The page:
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Bitcoin’s sharp drop in value in May is a perfect case study of the risks associated with crypto investing. Cryptocurrency is still an extremely volatile investment, prone to big swings in short timeframes.
Still, everyday investors are crypto-curious. Some of the most visible financial influencers are also starting to talk and think about crypto more. Tori Dunlap of Her First $100K recently told us that she still errs on the side of caution and tells people to follow the 5% rule – that is, don’t contribute more than 5% of your portfolio to risky assets like crypto.
“I think it is really important to consider that these things are still speculative,” says Dunlap, who saved her first $100,000 by age 25 and is on track to have $6 million saved by the time she retires. “If you are investing a certain amount of money, you should maybe be OK losing that amount of money.”
As with any new investment, it’s important to do your research, and understand all of the risks. Experts say you shouldn’t invest in crypto if it means you can’t meet other financial needs, like paying off debt, building an emergency fund, or maxing out other retirement accounts. And just because crypto is new and interesting doesn’t mean you need to invest in it at all — people have been successfully saving and investing for retirement since long before crypto was around.
So how much is too much, if you are going to invest? We asked five financial advisors to weigh in on what they’re telling clients:
1. Vrishin Subramaniam: 2-5% of your net worth
Investors who are interested in crypto should have between 2 and 5% of their net worth in it, says Vrishin Subramaniam, founder and financial planner at CapitalWe. “Two to 3% is usually what we see for most clients who are not tracking crypto markets more than once a week.”
The risks and volatility associated with cryptocurrency has much to do with its relatively short track record, at least compared to the stock market. Subramaniam advises clients that they can adjust their crypto strategies accordingly as more time passes and we learn more about its performance. But until then, Subramaniam recommends reducing your risk by keeping crypto holdings to a smaller share of your investments.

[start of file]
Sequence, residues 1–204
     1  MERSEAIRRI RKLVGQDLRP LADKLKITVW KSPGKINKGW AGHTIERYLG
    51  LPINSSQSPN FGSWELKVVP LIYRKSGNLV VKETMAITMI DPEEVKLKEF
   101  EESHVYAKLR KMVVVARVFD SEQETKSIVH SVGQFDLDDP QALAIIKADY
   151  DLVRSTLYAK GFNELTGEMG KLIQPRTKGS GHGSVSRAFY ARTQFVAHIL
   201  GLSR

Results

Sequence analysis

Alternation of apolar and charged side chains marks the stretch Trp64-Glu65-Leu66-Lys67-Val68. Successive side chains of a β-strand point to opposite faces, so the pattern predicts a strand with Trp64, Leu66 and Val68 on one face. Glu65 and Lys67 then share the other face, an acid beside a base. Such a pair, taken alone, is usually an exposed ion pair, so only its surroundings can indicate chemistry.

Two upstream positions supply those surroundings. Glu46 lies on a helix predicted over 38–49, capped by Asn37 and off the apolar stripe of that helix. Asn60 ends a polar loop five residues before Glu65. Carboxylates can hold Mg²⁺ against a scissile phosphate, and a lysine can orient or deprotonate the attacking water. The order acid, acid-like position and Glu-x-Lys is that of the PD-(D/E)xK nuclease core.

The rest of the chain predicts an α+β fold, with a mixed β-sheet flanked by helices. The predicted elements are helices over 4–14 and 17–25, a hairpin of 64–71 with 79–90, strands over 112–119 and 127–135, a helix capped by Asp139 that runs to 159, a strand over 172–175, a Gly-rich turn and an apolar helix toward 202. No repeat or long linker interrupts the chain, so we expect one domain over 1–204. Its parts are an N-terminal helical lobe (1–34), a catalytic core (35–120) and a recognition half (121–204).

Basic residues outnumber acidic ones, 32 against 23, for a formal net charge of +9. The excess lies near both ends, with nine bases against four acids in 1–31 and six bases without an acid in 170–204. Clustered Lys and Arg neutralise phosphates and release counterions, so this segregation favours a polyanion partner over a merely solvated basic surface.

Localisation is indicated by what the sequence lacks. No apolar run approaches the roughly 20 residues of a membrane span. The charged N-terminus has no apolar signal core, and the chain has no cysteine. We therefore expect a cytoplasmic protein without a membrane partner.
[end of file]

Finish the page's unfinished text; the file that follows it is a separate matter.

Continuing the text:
2. Theresa Morrison: 1 to 4% of your portfolio
“Crypto-aware clients sit in two camps: crypto-savvy or crypto-curious,” says Morrison. “For the crypto-curious, a 1% diversification can be a way to explore [crypto].”
For the crypto-savvy, think about your asset allocation and diversification strategies in a similar way as you would with your traditional portfolio, says Morrison. Crypto should be considered an aggressive asset. “The holistic picture of both is the important one. What’s the impact on your net worth?”
But generally speaking, Morrison recommends keeping any crypto investments below 5% of your portfolio. “Once it’s over 5%, you start to see the volatility swings affect the rest of the traditional portfolio, and most people don’t want that,” says Morrison.
3. Dan Herron: Up to 1% of your assets
“With my clients that are interested in learning more about crypto, I tell them that they can have up to 1% of their assets in cryptocurrencies, and the remaining 99% in more traditional assets. However, as they become more familiar with the crypto space, we can gradually allocate more to that allocation,” says Herron.
But again, don’t exceed 5% right now, Herron says. The crypto market is still too young to warrant a bigger allocation in an investment portfolio.
4. Ryan Sterling: No more than 3% of total liquid assets
“I am using crypto as part of client allocations but limiting exposures to no more than 3% of total liquid assets,” says Sterling.
5. Michael Kelly: 1-2%
“Depending on the client’s unique risk return profile, I see that a very minimal allocation, 1 to 2%, can be a potential opportunity,” says Kelly. “I view it as a valid asset class in a portfolio due to its lack of correlation with the traditional investments of stocks and bonds.”
For Kelly, crypto’s volatility and unique characteristics also present an opportunity. “Although it is high volatility, the lack of correlation reduces the overall portfolio volatility and provides the potential to have significant upside for returns. Having just a small allocation in a portfolio can have massive return potential with minimal downside risk.”